Listen to the podcast:
The recent resignation of Scott McNealy as CEO of Sun Microsystems, the company he founded 22 years ago, is another milestone in the succession process of a large technology company. But tech companies often pose unique succession issues, in part because of their unusually fast growth and young founders, according to Wharton faculty and technology experts. “If you look at the dominant companies in the technology industry, most of them are still led, or until recently were led, by a charismatic founder. By and large the companies that have made the transition have done a pretty good job of it,” says Kevin Werbach, professor of legal studies and business ethics at Wharton.
In 2000, for example, Bill Gates turned his CEO position at Microsoft over to his first hire, Steve Ballmer, although Gates remains chairman of the company. Adobe Systems’ founders John Warnock and Charles Geschke similarly turned over the CEO job to Bruce Chizen in 2000.
The industry is still young, however, and many of the best-known firms continue to be run by entrepreneurial founders, like McNealy, who have been in their jobs for decades and have grown to become corporate icons. Going forward, it remains to be seen what will happen at Oracle, which is still run by founder Lawrence J. Ellison after nearly 30 years, and at Apple, where founder Steve Jobs left the company once, but is now enjoying a second honeymoon with the success of the iPod and iTunes.
While succession is important at any company, it can be even more critical at a firm run by entrepreneurs, like Gates or Jobs, who are also celebrities. “In a situation where the CEO is also the founder, it’s not just a succession event when he or she steps down,” says Wharton management professor Peter Cappelli. “These people are closely identified with the organization and it can be extremely traumatic when somebody like that [leaves]. They have to think carefully about what kind of person could step in.”
Young start-ups flourish with creative, charismatic leaders who have a deep passion for, and understanding of, technology. But as the organizations grow, they need chief executives with a different set of skills, including the ability to delegate and to operate in a highly structured management system, says Kartik Hosanagar, Wharton professor of operations and information management. “In the technology industry, you have entrepreneurs who have been running the show for a really long time. But as these firms start to grow, they need to be looking at seasoned managers who have broad-based management skills.”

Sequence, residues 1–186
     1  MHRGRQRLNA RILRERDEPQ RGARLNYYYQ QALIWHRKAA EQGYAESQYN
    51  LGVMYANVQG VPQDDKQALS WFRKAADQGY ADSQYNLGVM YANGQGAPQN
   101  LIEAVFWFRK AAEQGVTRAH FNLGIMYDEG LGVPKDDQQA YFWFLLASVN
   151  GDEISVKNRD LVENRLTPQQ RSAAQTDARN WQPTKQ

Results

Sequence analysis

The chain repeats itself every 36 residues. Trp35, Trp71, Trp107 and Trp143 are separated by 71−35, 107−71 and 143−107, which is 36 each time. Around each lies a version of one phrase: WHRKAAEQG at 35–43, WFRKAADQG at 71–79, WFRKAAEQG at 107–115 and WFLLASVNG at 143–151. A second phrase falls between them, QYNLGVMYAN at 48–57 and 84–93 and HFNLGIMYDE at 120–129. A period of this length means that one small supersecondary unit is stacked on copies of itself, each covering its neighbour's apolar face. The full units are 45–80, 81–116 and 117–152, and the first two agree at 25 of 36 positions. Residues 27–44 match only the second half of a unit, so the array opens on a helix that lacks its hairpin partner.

At the majority of technology firms, which never become household names, the transition from entrepreneurial founder to business-oriented CEO occurs early in the firm’s evolution, often at the demand of venture capital investors, Hosanagar points out. For example, Larry Page and Sergey Brin founded Google in 1998, but by 2001 they had hired Eric Schmidt, the former CEO of Novell, as Google’s chairman and CEO.
Only a handful of the largest firms have had founders with the ability to manage both the technology and business sides of their rapidly growing companies, Hosanagar says. “For the more successful companies, there was not a reason for the investors to make the intervention earlier. That’s why you have some of the biggest companies — Microsoft, Sun, Apple — run by the same people for 10, 20 or 30 years.”
The rate of innovation in the technology industry also allows entrepreneurial founders to remain in charge longer than their management skills might warrant because fast growth at the firms can mask management weaknesses, Hosanagar says. As the companies mature, those problems are not so easy to hide, making succession more urgent.
Many entrepreneurs are happy to turn over the chief executive job, notes Joseph Griesedieck, vice chairman of the management recruitment firm Korn/Ferry International. “There are those who have a tough time letting go, but then there are those who are smart enough to know what their limitations are. Sometimes they want to move on and start new things.” He points to Jim Clark, a founder of Silicon Graphics and later Netscape, as an example of an entrepreneur who did not linger in the CEO position. At Microsoft, in addition to his chairman job, Gates now carries the title of chief software architect and has been largely focused on new product development and strategy.
Hiring from the Outside, or Inside
Once the decision is made to appoint a new chief executive, boards must wrestle with whether to hire from the outside or choose someone from their own ranks. “Clearly there’s a preference for managers who are in the industry, but the challenge is that because the industry is so young, you can’t find as many seasoned executives who can run the show. We are at an inflection point where this industry, which had been run by technologists, is going to increasingly look to traditional business executives to take on more important roles,” says Hosanagar.
When McNealy stepped down, Sun promoted president Jonathan Schwartz to the CEO position. Schwartz joined Sun in 1996 and was long considered to be McNealy’s successor. While Sun’s shares rose 9% after the announcement, some questioned whether Schwartz has enough perspective to lift Sun out of its doldrums. In a research note, Toni Sacconaghi of Bernstein Research said Schwartz remains unproven as a leader, and he expressed concern that Schwartz’s ideas were “eerily similar” to those of McNealy.
Wharton management professor Benjamin Campbell notes that McNealy had come under sharp criticism for his management of the company, although recently he appears to have turned the situation around. Choosing an insider gives Sun employees and investors a greater sense of certainty about what to expect, he says.